Michael Sullivan from the Pike County Economic Development Authority takes a seat in the Green Chair and talks about sewers, bureaucracies and better jobs in Pike County.
(This is the first interview of our new series Interviews from the Green Chair. MilfordNow! will be interviewing notable and interesting people from our area, in the Conservatory at the Hotel Fauchere. On deck for the next interview: Pike County Commissioner Matt Osterberg. Stay tuned.)
MilfordNow! Michael, why don’t you start by telling me what your job title is and what you do now.
Michael Sullivan My official job title is Executive Director of the Pike County Economic Development Authority (EDA). I serve at the pleasure of the Board of Directors of the EDA. And I work pretty closely with the Pike County Commissioners also.
MN! You had left about a year ago.
Sullivan That’s correct.
MN! Where did you go?
Sullivan I worked for about six months at the Orange County Partnership. It’s a similar organization, only in Orange County, New York. And what I did over there was I worked on very large projects. It was interesting because Orange County has picked up a lot of big projects. In the short time I was there I worked on United Natural Foods, Inc., that was 500,000 square feet. I worked on Amy’s Kitchen which was 525,000 square feet and maybe 900 employees.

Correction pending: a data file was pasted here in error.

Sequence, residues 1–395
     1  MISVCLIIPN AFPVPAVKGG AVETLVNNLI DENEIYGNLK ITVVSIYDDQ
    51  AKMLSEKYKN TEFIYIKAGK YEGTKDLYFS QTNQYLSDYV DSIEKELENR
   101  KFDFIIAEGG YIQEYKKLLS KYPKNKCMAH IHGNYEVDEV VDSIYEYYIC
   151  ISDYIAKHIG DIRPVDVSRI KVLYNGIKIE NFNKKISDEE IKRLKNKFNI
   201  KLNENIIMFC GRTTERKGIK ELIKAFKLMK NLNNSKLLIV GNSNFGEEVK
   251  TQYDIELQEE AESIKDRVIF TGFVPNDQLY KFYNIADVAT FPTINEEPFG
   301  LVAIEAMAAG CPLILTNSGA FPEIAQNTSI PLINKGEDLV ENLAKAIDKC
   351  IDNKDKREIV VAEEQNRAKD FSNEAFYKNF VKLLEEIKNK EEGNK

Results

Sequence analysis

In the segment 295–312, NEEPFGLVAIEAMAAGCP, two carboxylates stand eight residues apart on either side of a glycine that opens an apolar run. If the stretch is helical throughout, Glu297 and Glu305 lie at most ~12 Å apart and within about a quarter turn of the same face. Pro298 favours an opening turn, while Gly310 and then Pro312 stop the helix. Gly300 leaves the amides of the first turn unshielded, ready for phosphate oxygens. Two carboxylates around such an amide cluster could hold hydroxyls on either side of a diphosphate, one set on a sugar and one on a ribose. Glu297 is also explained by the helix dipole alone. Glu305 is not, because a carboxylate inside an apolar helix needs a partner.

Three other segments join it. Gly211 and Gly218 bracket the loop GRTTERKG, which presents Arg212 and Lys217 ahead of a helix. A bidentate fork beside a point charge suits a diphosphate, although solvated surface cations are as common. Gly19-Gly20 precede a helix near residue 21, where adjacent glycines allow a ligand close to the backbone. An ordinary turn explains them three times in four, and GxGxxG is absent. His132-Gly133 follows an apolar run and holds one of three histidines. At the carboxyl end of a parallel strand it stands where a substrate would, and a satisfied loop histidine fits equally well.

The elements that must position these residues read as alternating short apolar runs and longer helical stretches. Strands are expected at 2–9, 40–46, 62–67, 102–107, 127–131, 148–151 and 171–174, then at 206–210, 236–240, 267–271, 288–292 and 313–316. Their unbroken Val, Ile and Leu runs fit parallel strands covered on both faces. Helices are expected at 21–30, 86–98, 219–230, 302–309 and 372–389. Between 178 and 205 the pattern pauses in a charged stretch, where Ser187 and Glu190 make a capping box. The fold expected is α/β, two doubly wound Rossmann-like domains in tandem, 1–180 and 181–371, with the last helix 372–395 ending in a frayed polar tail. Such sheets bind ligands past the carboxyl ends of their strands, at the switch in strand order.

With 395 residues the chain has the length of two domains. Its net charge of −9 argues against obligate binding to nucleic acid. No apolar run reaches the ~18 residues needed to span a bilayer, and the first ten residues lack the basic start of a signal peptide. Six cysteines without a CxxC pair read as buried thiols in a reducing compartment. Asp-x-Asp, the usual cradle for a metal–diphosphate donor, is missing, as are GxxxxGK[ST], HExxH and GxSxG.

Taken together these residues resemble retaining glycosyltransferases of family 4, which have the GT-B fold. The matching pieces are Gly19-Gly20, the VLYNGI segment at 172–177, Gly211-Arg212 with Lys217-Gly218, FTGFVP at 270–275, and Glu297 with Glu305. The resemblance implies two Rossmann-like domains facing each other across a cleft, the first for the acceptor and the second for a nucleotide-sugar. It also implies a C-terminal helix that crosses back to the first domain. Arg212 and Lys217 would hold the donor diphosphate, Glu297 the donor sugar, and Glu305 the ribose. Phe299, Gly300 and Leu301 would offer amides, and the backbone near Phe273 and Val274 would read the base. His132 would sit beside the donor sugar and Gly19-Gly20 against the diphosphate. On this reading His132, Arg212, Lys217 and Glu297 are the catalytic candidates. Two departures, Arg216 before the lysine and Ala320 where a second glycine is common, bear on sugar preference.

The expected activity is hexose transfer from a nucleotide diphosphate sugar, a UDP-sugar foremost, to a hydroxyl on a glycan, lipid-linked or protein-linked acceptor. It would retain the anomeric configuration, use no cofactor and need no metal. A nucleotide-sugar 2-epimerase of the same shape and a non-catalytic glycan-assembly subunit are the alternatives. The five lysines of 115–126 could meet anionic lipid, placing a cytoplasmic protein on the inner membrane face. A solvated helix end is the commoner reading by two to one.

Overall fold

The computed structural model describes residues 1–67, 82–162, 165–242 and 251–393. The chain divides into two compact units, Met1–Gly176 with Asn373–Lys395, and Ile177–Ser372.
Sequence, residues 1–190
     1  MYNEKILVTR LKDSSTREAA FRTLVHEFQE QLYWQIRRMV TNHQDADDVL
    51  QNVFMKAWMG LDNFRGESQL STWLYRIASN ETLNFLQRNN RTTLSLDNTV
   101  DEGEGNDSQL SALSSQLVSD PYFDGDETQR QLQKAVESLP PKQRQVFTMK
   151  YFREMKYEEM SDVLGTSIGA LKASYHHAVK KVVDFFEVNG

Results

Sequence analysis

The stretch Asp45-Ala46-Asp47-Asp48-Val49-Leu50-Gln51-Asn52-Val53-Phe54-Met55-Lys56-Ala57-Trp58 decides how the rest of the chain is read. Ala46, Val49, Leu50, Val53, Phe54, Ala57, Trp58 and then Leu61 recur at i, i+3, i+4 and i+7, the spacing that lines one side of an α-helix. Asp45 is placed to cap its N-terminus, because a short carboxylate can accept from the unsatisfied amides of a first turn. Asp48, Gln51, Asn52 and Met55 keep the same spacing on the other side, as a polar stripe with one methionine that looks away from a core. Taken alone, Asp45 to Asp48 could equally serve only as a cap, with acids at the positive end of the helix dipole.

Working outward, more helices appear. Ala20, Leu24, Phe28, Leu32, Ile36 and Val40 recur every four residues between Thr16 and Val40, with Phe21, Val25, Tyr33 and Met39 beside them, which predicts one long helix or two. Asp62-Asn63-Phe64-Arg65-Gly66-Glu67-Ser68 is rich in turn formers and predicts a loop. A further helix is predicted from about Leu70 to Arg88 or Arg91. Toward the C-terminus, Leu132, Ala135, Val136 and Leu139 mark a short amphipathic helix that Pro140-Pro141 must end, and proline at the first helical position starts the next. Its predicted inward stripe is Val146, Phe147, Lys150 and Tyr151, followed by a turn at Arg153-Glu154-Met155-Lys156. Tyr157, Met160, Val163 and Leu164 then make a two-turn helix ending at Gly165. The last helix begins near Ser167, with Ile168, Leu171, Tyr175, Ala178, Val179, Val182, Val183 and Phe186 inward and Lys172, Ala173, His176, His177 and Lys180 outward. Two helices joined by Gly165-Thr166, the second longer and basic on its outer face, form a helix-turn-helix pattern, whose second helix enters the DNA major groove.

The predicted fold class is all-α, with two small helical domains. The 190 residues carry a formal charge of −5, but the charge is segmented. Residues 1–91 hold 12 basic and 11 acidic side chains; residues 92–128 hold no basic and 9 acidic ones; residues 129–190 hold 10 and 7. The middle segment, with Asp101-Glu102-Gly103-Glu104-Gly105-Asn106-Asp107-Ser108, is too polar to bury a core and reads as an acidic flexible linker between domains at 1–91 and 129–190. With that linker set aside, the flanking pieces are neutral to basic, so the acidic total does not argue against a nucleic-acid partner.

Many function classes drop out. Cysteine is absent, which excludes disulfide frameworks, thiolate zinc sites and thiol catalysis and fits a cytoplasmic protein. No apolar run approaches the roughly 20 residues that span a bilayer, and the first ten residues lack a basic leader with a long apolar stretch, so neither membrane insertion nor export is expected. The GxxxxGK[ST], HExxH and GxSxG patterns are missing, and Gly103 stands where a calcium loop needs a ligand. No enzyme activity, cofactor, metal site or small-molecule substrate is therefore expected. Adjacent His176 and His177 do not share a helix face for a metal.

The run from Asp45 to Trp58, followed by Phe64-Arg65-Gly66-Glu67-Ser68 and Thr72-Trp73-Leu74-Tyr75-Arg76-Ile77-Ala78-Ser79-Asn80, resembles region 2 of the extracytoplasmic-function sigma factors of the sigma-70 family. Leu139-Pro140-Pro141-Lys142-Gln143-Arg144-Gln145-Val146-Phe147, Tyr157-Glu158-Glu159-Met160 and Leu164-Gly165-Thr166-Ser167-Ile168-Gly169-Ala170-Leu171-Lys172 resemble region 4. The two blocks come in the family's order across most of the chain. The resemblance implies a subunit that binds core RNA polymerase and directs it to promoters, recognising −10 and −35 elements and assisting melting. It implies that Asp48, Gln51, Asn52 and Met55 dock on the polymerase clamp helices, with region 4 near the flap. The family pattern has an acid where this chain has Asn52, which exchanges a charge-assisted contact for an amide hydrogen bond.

Interesting enough, with both of those projects as good examples, one of the things they required was treatment of a fluid. They’re going to use a lot of water. They’re going to be cleaning vegetables. They are going to be putting out a lot of water. And you need a sewer system. And therein is the first point is that I would say is important for us to discuss. What are the liabilities and what are the attributes of Pike County? And one of the liabilities is lack of sewer and water.
MN! So you left and came back.
Sullivan I did.
MN! When you left, we talked and you seemed frustrated with Milford and perhaps Pike County. What was the frustration based upon?